Photoshop Express by Adobe got an update yesterday. For those who were already using this app before, there aren’t substantial differences in the new version. For the others, this could be a good starting point to spend a few words about it.
Where do you start writing about anything with the Photoshop label on it without making comparisons with THE Photoshop? It’s almost impossible. There is a risk that I will end writing something totally superfluous. Does it even make sense to review Photoshop Express? I guess not. But as there shouldn’t be a precise reason to talk about an app instead of another, bear with me, for even if it’s pointless in this case I’ll make an exception.
- Crop, flip and rotate;
- Adjust exposure, tint, saturation, contrast;
- Soft focus, sketch and sharpen;
- Seven effects;
- Eight borders;
- Share on Facebook, TwitPic or Photoshop.com (requires Photoshop.com account).
PS Express will probably displease those that associate the name Photoshop with a very sophisticated tool of graphics editing. The Express version for iPhone, iPod Touch and iPad has little in common with the full-fledged software by Adobe.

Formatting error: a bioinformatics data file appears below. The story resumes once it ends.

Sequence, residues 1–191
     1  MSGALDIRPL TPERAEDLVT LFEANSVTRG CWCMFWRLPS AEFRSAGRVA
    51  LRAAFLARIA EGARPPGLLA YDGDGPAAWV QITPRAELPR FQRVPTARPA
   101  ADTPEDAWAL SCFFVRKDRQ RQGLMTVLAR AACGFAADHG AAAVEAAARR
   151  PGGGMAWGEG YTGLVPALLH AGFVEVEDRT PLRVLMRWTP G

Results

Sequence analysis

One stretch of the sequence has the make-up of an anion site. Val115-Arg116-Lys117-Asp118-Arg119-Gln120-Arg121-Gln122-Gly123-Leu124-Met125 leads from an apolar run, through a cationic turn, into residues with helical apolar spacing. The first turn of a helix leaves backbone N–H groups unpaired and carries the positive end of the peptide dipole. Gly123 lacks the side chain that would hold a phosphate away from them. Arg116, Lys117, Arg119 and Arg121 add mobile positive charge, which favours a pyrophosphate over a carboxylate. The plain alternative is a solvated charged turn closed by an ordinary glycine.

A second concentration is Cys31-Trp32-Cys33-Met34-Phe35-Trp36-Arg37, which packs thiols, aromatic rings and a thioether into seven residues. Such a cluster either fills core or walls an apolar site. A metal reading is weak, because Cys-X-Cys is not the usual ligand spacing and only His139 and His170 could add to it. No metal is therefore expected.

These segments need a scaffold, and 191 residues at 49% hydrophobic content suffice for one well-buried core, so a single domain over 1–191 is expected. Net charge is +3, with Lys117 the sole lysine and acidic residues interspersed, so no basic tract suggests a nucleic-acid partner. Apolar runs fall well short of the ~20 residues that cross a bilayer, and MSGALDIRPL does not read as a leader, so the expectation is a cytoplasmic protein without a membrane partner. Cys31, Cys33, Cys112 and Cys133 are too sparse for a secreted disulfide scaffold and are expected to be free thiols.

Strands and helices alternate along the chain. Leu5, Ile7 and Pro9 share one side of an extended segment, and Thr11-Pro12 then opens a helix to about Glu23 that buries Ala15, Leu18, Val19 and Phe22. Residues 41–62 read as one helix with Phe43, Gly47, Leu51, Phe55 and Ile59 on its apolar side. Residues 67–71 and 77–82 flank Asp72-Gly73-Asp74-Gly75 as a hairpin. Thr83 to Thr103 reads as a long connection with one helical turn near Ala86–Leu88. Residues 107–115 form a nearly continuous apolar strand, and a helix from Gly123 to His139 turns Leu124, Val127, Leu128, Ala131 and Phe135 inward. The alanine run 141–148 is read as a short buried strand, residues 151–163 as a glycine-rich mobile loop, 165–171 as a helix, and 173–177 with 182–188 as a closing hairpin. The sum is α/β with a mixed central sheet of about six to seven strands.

You can use the camera or photos in your camera roll. You can immediately upload or you can choose to edit the pictures, by cropping, rotating or fixing their orientation, by altering color properties, by applying filters, effects and frames. However, there is actually very little you can do with Photoshop Express, apart from very basic adjustments to your photo.
The effects, for instance, are few, very generic and not customizable. The frames are also not that varied and most have that conventional comic border look that not anybody will find appealing. You can adjust parameters like exposure, tint and contrast by swiping your finger on the screen, but personally I don’t find the app’s way of handling the whole process very user-friendly overall. For example, if you want to apply one of the filters, you have to imagine a fullscreen slider; if you raise your finger from the screen’s surface, the app will remember the value of the filter applied in relation to the position your finger reached on the screen; if you want to make a slight adjustment without starting over, you have to reposition your finger more or less as it was before. Even for quick adjustments, this is not the most user-friendly approach, in my opinion. But again, even if there are other apps doing the same in a more satisfactory way, many will object that differently from them Photoshop Express is free thus one shouldn’t really complain.
The bottom line is: it’s true it’s Photoshop and it’s free, but from the photo editing colossus we honestly could have expected something more. If you want the closest thing to the actual Photoshop on the iPhone, this is not the right choice for you. Maybe in combination with other apps or for very basic and quick editing, Photoshop Express still has some use.
Name: Photoshop Express
Developer: Adobe Systems
Compatibility: iPhone, iPod Touch, iPad. iOS 4.2 or later.